Monday, April 22, 2024

It’s a dog’s day at Christchurch library

Heads turn when Jim strides through Shirley Library with border-terrier Maggie at his heels.

It’s a Tuesday afternoon and Maggie and Jim are here for the popular Christchurch City Council Reading to Dogs programme

The pair head for the far end of the library where a red mat, a pint-sized armchair and a little dog bed await.

Excited nine year old twins, Keegan and Riley Salt, are first up. They’ve booked one of four 15-minute sessions with Maggie, who sits obediently while the boys take turns reading Seriously, Do Not Open This Book aloud and petting the patient six-year old pooch.

Jim keeps a watchful eye on proceedings from a distance.

Maggie gives the occasional yawn but she’s a mostly attentive audience. Keegan keeps her on task: “Sit, Maggie, sit,” he whispers when she’s momentarily distracted by a passer-by.

Christchurch City Libraries’ Reading to Dogs has helped hundreds of children since its inception seven years ago, giving them confidence reading to a dog in a calm non-judgemental environment.

“The programme has been a success from day one,” says Christchurch City Council Animal Management Officer, Kym Manuel.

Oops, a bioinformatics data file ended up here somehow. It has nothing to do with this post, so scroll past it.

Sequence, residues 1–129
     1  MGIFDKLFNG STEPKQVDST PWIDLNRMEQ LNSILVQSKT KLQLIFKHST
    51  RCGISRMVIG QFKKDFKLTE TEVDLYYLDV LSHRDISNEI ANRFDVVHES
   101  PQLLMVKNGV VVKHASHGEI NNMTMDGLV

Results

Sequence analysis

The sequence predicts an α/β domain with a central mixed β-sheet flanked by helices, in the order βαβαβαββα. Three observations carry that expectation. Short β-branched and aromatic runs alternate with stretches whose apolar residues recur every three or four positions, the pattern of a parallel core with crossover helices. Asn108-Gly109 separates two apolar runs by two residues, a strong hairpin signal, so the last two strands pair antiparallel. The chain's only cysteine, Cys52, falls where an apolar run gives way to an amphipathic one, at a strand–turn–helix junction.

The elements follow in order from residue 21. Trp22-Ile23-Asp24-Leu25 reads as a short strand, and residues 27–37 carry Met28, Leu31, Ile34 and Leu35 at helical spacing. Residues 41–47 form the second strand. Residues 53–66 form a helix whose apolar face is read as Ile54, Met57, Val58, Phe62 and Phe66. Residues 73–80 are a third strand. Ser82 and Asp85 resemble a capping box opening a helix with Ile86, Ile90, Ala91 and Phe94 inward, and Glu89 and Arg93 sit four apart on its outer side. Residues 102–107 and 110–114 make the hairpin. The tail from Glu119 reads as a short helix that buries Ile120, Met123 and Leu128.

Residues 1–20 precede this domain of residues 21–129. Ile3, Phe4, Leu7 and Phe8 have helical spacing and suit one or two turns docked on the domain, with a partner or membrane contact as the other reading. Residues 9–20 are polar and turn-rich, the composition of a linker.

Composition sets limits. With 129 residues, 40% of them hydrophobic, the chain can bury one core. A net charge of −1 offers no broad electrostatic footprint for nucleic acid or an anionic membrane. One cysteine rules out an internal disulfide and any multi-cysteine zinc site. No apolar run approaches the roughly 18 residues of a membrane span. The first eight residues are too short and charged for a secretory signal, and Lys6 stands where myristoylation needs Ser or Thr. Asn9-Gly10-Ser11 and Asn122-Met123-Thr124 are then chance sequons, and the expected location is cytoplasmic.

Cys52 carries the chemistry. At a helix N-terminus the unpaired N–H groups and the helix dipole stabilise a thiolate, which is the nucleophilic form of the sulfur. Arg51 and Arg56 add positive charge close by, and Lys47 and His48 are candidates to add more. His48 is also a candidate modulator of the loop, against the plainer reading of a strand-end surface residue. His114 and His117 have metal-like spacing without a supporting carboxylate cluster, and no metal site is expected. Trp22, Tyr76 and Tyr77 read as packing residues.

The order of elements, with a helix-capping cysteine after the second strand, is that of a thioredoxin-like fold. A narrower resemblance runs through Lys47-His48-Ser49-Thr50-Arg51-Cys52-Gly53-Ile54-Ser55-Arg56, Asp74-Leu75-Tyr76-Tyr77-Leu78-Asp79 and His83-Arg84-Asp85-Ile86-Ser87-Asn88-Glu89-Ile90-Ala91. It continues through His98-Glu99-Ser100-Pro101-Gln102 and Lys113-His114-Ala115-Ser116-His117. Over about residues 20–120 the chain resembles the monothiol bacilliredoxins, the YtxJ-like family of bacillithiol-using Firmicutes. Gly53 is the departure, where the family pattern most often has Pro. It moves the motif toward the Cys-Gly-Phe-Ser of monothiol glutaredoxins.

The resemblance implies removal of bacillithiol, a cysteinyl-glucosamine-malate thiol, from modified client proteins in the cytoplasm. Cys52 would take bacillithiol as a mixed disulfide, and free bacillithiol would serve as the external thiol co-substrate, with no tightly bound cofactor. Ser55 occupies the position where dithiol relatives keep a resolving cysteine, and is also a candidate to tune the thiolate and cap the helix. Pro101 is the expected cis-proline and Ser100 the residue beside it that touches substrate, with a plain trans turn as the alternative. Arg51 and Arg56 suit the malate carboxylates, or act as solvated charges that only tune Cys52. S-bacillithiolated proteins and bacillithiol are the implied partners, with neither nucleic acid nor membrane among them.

From a pilot programme at Papanui Library it quickly expanded to three locations each Tuesday, Wednesday and Thursday during school terms, with sessions booking out weeks in advance.

“Our guiding principle was that the child’s confidence and enjoyment of reading be enhanced and their overall experience with the dog be a happy one, as many children have had scary experiences with dogs in the past,” says Mrs Manuel.

Five dogs are involved in the programme at present with another two currently in training.

 All are chosen for their exemplary behaviour around children.

“They live with families and are regularly exposed to children,” says Mrs Manuel. “We have pound rescues and pedigrees of all shapes and sizes!”  

Riley and Keegan are sold on the programme.

“I like that you get to pat the dogs.”

“I like that there’s all different types of dogs.”

And it’s helped with their reading.

“Our teachers have seen improvements.”

“Yeah.”

“I’ve moved up to turquoise.”

“I haven’t moved up but I am really good at reading now.”

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